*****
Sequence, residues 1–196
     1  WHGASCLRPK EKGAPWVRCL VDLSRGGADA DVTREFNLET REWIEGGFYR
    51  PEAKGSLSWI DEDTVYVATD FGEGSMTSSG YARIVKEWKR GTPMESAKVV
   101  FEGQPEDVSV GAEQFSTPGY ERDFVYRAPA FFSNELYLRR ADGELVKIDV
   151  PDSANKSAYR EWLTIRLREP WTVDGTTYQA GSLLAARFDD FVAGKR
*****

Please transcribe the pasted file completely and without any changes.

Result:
Sequence, residues 1–196
     1  WHGASCLRPK EKGAPWVRCL VDLSRGGADA DVTREFNLET REWIEGGFYR
    51  PEAKGSLSWI DEDTVYVATD FGEGSMTSSG YARIVKEWKR GTPMESAKVV
   101  FEGQPEDVSV GAEQFSTPGY ERDFVYRAPA FFSNELYLRR ADGELVKIDV
   151  PDSANKSAYR EWLTIRLREP WTVDGTTYQA GSLLAARFDD FVAGKR